Harry Haun: Movie Quote Master and Veteran Entertainment Journalist

Harry Haun may not be a face you recognize but if you have followed entertainment journalism over the last 45 years you have certainly read his features. That is because Mr. Haun has built a prolific career as a writer covering stage and film for some of New York’s most prestigious publications including Playbill, The Daily News, Broadway World and many more. In addition, Mr. Haun is the author of two books “The Movie Quote Book” and “The Cinematic Century: An Intimate Diary of America’s Affair with the Movies,” both of which speak to the encyclopedic knowledge Mr. Haun holds for the arts. Currently, Mr.Haun is writing his own truly delightful column for Theater Pizzaz entitled Screen of Consciousness.  Over his illustrious career as a journalist, Mr. Haun has interviewed some of the greatest entertainers of our time. Now, Nectar News has the privilege of sitting down with Mr. Haun himself (over Skype) for an interview about his passion for film, theater and his journey as a writer. 

NN: When did your career in journalism begin?

HH: Well, I was born in Texas. I delivered newspapers for The Dallas Morning News. The first day that I delivered a paper, Fred Allen’s obituary was on the front page and that was the beginning of my career so I can put a date on it: 1956. I did that for 3 years. I think I actually won the “Carrier Of the Month” award but it was not a distinguished career. I also used to go to a Saturday morning matinee that my Methodist Church had where they showed Flash Gordon serials. I would go home and write up what happened in each particular episode. I still to this day cave in when I see Buster Crabbe or Ming the Magnificent.  

NN: So writing seems to have come to you naturally at a young age.

HH: Yes, I guess it did. I didn’t realize what I was doing when I was doing it but I was assembling information from what I saw and I guess that is journalism isn’t it? That’s actually being a critic too. I’m not so much interested in being a critic now as I am in interviewing people. I really love to do that.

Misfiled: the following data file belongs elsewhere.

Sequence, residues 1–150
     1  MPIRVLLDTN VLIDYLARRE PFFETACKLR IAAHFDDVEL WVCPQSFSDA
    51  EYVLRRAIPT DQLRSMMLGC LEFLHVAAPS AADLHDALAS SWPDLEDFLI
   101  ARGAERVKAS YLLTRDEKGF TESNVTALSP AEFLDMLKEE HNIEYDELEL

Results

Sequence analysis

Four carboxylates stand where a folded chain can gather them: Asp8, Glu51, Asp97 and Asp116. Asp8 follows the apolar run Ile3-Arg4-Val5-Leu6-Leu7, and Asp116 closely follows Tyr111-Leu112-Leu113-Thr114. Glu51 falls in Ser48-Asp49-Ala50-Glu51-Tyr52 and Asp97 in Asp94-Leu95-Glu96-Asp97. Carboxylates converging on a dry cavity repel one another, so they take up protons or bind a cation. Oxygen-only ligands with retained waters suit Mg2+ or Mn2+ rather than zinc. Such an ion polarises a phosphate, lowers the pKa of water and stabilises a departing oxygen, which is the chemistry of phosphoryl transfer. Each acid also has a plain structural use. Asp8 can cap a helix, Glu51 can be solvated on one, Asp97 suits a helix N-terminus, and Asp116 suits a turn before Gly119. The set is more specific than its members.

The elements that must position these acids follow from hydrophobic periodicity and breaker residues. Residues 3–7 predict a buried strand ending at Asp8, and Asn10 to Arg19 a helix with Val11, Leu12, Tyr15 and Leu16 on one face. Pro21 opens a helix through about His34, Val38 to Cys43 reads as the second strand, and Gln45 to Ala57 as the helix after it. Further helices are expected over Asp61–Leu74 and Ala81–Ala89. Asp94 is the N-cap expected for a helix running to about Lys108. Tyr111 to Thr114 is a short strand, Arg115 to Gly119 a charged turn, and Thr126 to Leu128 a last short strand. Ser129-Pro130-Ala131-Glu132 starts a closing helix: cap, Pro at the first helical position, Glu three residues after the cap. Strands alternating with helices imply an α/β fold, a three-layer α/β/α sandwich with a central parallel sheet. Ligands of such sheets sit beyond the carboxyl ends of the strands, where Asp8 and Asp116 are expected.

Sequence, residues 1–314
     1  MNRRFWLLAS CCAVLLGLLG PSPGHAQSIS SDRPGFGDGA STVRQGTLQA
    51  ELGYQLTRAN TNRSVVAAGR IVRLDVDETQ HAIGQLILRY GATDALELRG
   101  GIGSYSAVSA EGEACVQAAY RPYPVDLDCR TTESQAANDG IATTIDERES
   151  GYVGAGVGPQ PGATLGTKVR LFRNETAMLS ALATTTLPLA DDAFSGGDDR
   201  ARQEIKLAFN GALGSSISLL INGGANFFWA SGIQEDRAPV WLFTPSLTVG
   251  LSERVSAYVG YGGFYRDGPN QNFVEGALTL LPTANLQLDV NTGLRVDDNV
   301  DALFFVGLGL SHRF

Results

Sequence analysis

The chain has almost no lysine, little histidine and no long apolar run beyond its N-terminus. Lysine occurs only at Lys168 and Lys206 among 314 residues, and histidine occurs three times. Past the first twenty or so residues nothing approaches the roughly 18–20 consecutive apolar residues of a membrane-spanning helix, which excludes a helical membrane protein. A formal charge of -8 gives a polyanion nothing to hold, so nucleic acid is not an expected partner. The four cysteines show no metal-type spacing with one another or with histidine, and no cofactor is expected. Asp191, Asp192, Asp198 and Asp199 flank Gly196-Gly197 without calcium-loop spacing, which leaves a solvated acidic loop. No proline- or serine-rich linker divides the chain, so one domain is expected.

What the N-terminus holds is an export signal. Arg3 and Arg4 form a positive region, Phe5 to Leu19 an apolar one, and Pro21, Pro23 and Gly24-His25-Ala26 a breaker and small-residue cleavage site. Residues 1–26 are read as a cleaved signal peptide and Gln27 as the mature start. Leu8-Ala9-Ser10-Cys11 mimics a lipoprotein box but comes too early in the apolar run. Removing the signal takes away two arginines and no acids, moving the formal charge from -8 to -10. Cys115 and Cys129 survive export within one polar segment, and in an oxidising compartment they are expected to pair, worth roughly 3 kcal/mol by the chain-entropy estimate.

From there, I majored in journalism at SMU and then I went and got a job at The Tennessean. The day that I got a job there on the front page of the paper was the obituary for Jack Carson and Dick Powell, so I can put a date on that too: January 1963. I did 10 years there and then I decided to try my hand in New York. I haven’t regretted it at all. I’ve been here for 45 years and It’s been wonderful. 

NN: What was the first publication you wrought for in New York?

HH: In New York, I started at the Daily News on May 5, 1975. Right before that, I was doing freelance work for the LA Times. I had gone back to Nashville to clean up my desk and they were shooting the movie Nashville. So I got to report on that which was a lot of fun. It was a nice way to say goodbye to Nashville. 

Image of Harry Haun’s Column in the Daily News, 1987.

When I got to New York it was hard at first. My first job interview was at the New York Times for the architect editor which was not the right fit. It took me a long time to get my footing. I had a friend who was working at the Daily News and he got me a job there. I wrote there for 17 years. Around the same time, I had started writing for Playbill. I wrote for Playbill for 37 years. It was great to work there because it is the ‘Creme de la creme’ of theater journalism and I have great respect for them. It is the go-to place for getting information about the theater.

NN: Do you recall the first article you wrote in New York?

HH: Yes, actually I do. It was at the Daily News. They sent me to see Marlene Dietrich in her one-woman show. This image is still with me: a feather from her Boa came drifting down toward me in slow motion and I’ll never forget that. I got to meet her backstage because she wanted some press. She was quite elderly then. This was between two falls she had on stage. The second fall put her out of commission and she became a recluse. She lived in Paris at a hotel and would always pretend to be the maid when people would call her. 

NN: You have interviewed some of the best entertainers of our time. Who are some of your favorites and who is on your interview wishlist?